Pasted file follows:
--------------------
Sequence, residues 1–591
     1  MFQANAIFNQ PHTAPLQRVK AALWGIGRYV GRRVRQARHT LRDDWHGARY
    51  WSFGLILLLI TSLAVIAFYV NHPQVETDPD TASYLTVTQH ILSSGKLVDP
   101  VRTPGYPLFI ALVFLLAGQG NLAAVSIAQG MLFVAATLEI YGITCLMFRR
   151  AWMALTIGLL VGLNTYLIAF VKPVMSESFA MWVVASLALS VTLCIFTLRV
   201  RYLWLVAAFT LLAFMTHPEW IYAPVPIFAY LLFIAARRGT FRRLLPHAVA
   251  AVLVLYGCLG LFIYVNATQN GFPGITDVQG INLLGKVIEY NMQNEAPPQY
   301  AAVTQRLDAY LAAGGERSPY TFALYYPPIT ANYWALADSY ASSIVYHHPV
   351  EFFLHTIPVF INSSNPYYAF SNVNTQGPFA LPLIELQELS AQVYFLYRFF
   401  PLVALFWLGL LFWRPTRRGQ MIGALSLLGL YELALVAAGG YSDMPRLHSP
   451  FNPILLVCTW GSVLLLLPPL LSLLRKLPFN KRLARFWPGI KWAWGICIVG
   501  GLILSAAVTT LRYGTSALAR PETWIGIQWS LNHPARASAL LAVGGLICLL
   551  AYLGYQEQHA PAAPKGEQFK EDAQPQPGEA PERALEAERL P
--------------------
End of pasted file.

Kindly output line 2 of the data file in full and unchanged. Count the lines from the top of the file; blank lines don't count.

     1  MFQANAIFNQ PHTAPLQRVK AALWGIGRYV GRRVRQARHT LRDDWHGARY